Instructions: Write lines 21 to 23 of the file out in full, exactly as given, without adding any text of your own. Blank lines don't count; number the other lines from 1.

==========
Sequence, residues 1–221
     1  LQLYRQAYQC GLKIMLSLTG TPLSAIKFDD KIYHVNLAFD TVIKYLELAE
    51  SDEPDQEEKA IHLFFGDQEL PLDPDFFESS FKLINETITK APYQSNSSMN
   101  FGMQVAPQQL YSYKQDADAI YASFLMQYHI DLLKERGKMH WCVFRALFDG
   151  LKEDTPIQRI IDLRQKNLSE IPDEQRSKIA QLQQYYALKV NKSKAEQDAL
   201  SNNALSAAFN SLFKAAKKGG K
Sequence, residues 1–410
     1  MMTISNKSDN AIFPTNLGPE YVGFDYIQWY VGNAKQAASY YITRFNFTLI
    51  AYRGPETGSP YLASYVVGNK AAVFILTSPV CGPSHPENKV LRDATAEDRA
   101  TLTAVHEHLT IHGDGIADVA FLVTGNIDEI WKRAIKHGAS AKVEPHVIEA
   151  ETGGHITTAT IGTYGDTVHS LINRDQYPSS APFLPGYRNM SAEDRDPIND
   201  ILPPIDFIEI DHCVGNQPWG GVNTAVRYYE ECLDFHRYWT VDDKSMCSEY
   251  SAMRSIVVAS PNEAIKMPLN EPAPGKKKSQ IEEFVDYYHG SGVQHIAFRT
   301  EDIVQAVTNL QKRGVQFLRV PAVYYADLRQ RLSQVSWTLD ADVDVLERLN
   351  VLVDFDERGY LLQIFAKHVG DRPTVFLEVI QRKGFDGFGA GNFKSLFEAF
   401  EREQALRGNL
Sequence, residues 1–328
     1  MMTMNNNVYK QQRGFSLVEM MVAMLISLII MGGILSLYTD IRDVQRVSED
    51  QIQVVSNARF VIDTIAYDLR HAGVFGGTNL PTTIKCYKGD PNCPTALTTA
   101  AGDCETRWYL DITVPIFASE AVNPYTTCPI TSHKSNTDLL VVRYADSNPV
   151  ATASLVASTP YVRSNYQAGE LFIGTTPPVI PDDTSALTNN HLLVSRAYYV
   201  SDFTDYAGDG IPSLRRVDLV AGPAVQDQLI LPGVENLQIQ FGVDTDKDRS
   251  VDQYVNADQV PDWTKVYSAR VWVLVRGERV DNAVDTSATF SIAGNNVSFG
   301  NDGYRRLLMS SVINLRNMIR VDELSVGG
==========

   151  ATASLVASTP YVRSNYQAGE LFIGTTPPVI PDDTSALTNN HLLVSRAYYV
   201  SDFTDYAGDG IPSLRRVDLV AGPAVQDQLI LPGVENLQIQ FGVDTDKDRS
   251  VDQYVNADQV PDWTKVYSAR VWVLVRGERV DNAVDTSATF SIAGNNVSFG